Friedrich Grützmacher: an overview - George Kennaway
Friedrich Grützmacher was the most prolific arranger and editor of music for the cello in the 19th century. As well as the sonatas of Boccherini, Beethoven and Mendelssohn, the concertos of Schumann and Romberg, several works by Servais, Chopin’s works for the cello, Duport’s Etudes and one concerto, he edited much 18th-century music including the Bach solo suites and viola da gamba sonatas, sonatas by Boccherini, a sonata by J. C. Bach, a gamba sonata and cello concerto by C. P. E. Bach, a gamba concerto by Tartini, and a cello concerto misattributed to Haydn. He arranged a considerable amount of violin music for the cello, including the complete violin sonatas of Beethoven, Haydn, and Mozart, and Beethoven’s Romances. He also arranged piano works by Chopin and Schumann, and songs by Schubert and Schumann. He was an active composer, and tended to introduce elements of recomposition into much of the music which he edited, such as his notorious edition of Boccherini’s so-called concerto in B flat major, and his edition of ‘Haydn’s’ D major cello concerto Hob.VIIb:4 (for a discussion of this and other editions, see George Kennaway, ‘Haydn’s (?) Cello Concertos, 1860-1930: editions, performances, reception’, Nineteenth-Century Music Review, December 2012). Even his arrangement of Schumann’s ‘Träumerei’ includes five totally recomposed bars. He published approximately 200 works in all, of which just over a quarter were original compositions (these were mostly for cello, but included a few songs and piano pieces). In the 1850s, he was equally active in both composition and editing, but he composed much less from the mid-1860s onwards.
He was an influential teacher, but did not transmit his enthusiasm for editing and arranging to his pupils, who published far fewer annotated editions. His brother Leopold, whom he taught, was quite active in this field and significantly different in his approach, evidenced by their editions and arrangements of works by Chopin and Mendelssohn. But his other, younger, pupils tended to edit earlier teaching material (Klingenberg’s revision of Dotzauer became the standard version), include annotated selections from cello repertoire as part of their own teaching material (Werner, Brückner), or edit a small number of shorter, lighter pieces and arrangements (Fitzenhagen).
His compositions, and re-compositions of other composers’ works, frequently rely on poorly constructed modulations which were commented on at the time:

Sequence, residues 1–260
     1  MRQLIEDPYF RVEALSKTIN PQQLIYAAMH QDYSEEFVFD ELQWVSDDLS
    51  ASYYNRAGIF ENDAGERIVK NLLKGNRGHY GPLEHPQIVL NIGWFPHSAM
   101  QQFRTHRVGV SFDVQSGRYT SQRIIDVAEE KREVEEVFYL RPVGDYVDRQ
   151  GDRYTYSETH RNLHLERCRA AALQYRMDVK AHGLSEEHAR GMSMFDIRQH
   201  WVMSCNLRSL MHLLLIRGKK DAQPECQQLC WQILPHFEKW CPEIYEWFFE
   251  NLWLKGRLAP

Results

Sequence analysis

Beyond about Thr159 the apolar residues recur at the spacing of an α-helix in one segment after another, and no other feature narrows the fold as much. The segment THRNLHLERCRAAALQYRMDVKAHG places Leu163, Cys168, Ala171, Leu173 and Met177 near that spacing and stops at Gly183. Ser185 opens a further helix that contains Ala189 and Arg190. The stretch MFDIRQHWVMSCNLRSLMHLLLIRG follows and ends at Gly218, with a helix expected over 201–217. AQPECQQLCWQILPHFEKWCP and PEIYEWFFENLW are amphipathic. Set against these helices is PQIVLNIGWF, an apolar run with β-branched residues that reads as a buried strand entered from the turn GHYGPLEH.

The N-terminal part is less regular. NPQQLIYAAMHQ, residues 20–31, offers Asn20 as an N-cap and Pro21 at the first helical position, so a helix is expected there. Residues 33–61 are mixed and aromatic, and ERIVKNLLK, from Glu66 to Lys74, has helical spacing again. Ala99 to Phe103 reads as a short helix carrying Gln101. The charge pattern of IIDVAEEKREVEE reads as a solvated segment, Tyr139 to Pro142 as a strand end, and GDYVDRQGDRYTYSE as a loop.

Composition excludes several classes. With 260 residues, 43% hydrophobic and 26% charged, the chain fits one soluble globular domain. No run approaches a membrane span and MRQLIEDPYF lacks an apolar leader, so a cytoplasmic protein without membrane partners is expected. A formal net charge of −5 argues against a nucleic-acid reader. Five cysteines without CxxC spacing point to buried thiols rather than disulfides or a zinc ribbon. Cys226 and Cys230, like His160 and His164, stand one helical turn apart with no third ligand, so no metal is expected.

One is kept in a constant state of restlessness from beginning to end, being hunted through a formal surge of modulations. [The Orchestra, 5 (1865), p.150, reviewing a performance of Grützmacher’s Overture].
His annotations are generally
highly detailed, especially concerning fingering. In many editions he indicates
parts of the bow, but annotations referring to specific types of bow-stroke are
less frequent. Grützmacher’s studies contain virtually no explanatory material
(later revisions of his Tägliche Ubungen by Hugo Becker or Willem Welleke tend to have more
text). Grützmacher appeared as a soloist until the 1880s. His own performances
were, typically, not reviewed in any technical detail. He was praised for his
technique, that of the left hand in particular, and his strong playing,
although his tone quality was sometimes found wanting in comparison with Kummer
– his teacher Drechsler had been criticised in similar terms. In 1866, in advance of
his first visit to London, he was compared to Alfredo Piatti:
Of this gentleman a private letter from a good authority says: “He is a magnificent player, and possesses a power and certainty of execution quite extraordinary. His style is much stronger and broader than Piatti’s but not so sweet and sympathetic and lovely. But he is undeniably a great artist and an accomplished musician, witness many compositions both for the orchestra and his own instrument.” [The Reader, 7 (1866), p. 452].
It would appear that in several
respects he was influenced by Ferdinand David - Max Bruch’s piano trio op. 5
(1859) was dedicated jointly to David and Grützmacher, which may be an
acknowledgment of this similarity. Overall, the performing editions by David
and Grützmacher were among the most minutely detailed prepared by any 19th-century
string player, and the two were almost equally prolific. In book 2 of
Grützmacher’s Technologie des Violoncellspiels op. 38 there are some similarities with the more
advanced techniques explored in David’s Violinschule, such as exercises in double-stopped artificial
harmonics. Grützmacher produced his own Hohe Schule for the cello, which, like David’s collection of the
same name, comprised works by 18th and early 19th-century composers such as
Tartini, Haydn and Duport. Grützmacher’s collection was however smaller than